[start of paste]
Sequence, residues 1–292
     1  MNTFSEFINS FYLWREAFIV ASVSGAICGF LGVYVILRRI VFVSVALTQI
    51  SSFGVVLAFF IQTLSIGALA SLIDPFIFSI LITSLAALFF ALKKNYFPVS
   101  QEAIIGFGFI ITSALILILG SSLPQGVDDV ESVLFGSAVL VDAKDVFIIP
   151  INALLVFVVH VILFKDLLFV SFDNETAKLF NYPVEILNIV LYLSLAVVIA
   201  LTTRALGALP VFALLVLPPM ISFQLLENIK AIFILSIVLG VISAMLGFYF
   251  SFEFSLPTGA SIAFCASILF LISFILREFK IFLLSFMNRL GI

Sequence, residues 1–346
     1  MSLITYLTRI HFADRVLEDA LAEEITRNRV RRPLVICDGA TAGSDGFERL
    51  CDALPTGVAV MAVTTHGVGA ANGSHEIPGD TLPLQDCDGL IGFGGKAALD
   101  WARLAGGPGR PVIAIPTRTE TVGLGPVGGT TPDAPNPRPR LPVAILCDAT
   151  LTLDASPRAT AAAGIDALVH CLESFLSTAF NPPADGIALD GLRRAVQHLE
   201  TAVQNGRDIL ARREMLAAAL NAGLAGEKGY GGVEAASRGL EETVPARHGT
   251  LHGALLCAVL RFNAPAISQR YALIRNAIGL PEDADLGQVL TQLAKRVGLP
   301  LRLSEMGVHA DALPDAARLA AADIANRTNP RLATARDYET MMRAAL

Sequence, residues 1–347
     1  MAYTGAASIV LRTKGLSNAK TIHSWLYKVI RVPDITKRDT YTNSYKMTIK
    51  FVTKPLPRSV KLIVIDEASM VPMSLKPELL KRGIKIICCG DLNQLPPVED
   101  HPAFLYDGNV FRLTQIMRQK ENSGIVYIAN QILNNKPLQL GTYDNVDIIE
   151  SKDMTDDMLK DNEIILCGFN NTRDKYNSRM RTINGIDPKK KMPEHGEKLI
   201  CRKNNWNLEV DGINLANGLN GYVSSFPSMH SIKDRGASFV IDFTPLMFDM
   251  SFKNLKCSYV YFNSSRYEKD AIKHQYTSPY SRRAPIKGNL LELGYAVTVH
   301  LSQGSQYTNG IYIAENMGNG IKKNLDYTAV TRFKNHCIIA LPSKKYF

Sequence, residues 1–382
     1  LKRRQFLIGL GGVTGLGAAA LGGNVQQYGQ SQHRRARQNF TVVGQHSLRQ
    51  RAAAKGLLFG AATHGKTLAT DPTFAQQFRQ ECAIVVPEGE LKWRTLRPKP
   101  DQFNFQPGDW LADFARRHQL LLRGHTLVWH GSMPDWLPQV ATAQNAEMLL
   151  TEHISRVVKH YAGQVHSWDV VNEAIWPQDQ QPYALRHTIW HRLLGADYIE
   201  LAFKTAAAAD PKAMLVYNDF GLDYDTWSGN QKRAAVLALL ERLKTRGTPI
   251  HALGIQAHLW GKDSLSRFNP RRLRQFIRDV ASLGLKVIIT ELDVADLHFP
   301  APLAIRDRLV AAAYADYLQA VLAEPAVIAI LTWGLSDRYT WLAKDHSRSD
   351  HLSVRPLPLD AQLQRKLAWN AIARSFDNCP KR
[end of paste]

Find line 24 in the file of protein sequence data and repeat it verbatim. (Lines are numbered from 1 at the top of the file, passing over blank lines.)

Sequence, residues 1–382